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HomeBiz TechOutlook For iOS Update Brings Support For Third-Party App Integrations Called ‘Add-Ins’

Outlook For iOS Update Brings Support For Third-Party App Integrations Called ‘Add-Ins’

There are many email clients for mobile platforms, and one of the most recognized ones, Outlook, is about to gain a major functionality.

Microsoft likely knows that email clients can’t always be packed with all the features users look for at any given time, so it’s leaving that up to third-party developers. Microsoft will now allow others to code extensions, or as it likes to call it, “Add-ins,” that integrate with its Outlook for iOS app.

Outlook For iOS Gains Extensions

The first batch of integrations will most likely ring a bell: Evernote, Giphy, Trello, Smartsheet, and more. Several in-house applications are in tow too, such as Microsoft Translator and Dynamics 365.

Enabling Add-ins is drop-dead simple. Install the latest version of Microsoft Outlook for iOS, navigate to the settings menu, and choose the Add-Ins menu. The app will bring up a list of available extensions. Users may add these by hitting the plus sign next to its name.

Once enabled, users can take advantage of the Add-ins when reading an email by tapping the corresponding symbols in the upper right-hand corner. Down the line, Microsoft will enable Add-in functionality in different situations, such as typing up an email.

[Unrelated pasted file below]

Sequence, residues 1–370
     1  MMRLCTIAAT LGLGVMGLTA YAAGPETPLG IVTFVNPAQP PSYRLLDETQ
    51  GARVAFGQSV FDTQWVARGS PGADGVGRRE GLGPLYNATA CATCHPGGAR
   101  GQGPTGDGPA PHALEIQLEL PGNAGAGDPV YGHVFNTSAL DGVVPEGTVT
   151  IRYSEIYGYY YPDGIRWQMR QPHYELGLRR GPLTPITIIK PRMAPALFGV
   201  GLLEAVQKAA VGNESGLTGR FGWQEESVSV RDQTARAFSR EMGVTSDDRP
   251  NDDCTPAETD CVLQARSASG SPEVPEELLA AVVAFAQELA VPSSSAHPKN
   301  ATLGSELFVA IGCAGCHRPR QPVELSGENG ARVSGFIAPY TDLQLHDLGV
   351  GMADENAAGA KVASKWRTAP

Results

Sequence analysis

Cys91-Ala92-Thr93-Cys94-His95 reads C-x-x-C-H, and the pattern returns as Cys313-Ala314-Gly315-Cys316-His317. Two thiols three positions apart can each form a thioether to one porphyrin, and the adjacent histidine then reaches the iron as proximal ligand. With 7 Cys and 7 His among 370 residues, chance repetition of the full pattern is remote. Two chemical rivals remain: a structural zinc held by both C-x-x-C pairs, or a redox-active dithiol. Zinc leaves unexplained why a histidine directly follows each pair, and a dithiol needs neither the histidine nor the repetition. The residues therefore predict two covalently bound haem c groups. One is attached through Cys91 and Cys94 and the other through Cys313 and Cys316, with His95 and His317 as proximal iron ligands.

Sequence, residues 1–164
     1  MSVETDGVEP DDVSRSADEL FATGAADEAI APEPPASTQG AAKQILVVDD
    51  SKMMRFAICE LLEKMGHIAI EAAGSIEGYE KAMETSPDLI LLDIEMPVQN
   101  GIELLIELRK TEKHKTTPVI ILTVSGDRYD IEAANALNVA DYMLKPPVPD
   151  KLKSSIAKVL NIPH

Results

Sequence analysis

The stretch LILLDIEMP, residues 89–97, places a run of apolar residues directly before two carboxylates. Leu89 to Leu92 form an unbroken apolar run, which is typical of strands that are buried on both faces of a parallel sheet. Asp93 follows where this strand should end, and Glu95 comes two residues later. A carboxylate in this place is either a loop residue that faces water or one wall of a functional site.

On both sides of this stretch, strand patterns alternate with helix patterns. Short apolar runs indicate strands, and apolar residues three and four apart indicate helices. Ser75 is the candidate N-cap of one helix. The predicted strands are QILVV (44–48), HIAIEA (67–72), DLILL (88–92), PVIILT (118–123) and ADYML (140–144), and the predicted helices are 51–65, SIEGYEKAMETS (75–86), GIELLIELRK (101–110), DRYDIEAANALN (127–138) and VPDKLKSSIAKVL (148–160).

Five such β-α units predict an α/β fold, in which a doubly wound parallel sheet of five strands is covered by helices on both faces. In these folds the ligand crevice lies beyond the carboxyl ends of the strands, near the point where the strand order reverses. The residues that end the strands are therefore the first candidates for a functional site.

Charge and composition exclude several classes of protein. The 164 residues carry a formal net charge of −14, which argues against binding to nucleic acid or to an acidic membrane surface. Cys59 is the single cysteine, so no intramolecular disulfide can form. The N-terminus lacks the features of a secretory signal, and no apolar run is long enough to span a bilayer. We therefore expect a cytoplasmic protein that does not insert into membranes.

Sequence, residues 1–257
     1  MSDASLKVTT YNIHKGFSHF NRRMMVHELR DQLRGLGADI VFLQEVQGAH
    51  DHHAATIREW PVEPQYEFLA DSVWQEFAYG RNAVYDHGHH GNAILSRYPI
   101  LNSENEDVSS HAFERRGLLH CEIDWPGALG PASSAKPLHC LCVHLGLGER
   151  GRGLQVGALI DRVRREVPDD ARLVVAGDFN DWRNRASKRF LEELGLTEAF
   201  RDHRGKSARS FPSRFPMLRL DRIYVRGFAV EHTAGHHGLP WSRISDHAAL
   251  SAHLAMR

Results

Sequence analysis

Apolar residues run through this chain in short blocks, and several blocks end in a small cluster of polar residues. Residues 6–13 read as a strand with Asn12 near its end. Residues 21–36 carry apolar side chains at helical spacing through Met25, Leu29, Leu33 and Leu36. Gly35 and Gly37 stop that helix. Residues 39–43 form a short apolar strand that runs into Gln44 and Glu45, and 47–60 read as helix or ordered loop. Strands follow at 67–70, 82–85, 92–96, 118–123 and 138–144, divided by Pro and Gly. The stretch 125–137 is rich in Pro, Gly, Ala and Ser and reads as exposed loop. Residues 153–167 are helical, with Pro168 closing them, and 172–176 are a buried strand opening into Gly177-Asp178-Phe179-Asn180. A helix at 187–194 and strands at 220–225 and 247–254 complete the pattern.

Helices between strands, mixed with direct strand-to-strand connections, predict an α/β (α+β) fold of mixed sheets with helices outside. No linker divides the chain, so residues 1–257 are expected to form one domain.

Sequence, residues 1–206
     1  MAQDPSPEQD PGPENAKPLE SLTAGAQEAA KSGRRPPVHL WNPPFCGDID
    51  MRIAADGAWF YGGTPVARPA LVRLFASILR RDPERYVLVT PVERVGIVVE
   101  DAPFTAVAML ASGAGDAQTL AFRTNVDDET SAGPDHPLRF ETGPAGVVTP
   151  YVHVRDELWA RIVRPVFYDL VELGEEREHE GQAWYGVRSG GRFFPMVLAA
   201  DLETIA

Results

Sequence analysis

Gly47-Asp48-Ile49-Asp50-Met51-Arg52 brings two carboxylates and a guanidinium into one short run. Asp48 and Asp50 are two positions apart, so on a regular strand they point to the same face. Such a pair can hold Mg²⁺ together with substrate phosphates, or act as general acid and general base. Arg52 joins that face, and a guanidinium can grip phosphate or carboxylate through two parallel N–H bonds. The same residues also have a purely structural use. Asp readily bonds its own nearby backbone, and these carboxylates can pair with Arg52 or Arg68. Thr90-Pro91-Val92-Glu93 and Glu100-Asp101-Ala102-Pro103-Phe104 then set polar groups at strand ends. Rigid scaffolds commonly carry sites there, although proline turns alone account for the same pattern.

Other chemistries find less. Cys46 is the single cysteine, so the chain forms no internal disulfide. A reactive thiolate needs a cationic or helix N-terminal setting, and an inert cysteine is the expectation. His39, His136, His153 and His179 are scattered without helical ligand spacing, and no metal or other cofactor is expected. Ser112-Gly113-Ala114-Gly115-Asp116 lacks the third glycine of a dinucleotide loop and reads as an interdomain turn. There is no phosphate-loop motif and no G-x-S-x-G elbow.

How Microsoft Outlook Add-Ins Work

Obviously, each Add-in will employ unique behaviors and features: Dynamics 365 will deliver real-time insight about the user’s business contacts and their organizations directly to the inbox, cards can be made out of emails via Trello, Microsoft Translator will translate texts in over 60 different languages, and so forth. The feature makes the app its own ecosystem altogether, which is impressive. If more third-party developers code their own Add-ins, Outlook could shape up as the choice mail client for iOS.

Microsoft said that it plans to approve additional Add-ins in the future, and that it’s opening development of said extensions to third parties who are interested.

iOS has already enabled app-to-app communication via Extensions, a feature that came with iOS 8. Javier Soltero, corporate VP of Outlook at Microsoft, told Computerworld that in his view, Apple’s design follows a series of steps users usually don’t follow. To send a photo via email, users need to find it in Photos, open the share sheet, and send the photo to Outlook.

By contrast, Outlook’s Add-ins function differently, letting users follow their intent with as few steps as possible.

“You know what you’re going to do, you’re going to send a message, and what you include in that message is the other consideration,” he said.

Add-ins, however, aren’t available to everyone just yet, only to Office 365 commercial customers using Outlook for iOS. The feature is slowly rolling out to Outlook.com users, though, and a similar functionality will also arrive on Android soon, alongside MacOS — at least to those who have Outlook 2016 installed.

One key question is, of course, the demand. Developers can keep churning out extension after extension, but if no one finds any use for them, then Add-ins could just end up being largely ignored.

Have you, by any chance, tried Microsoft Outlook’s new Add-ins? Tell us the experience so far in the comments section below!

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(Via TechTimes)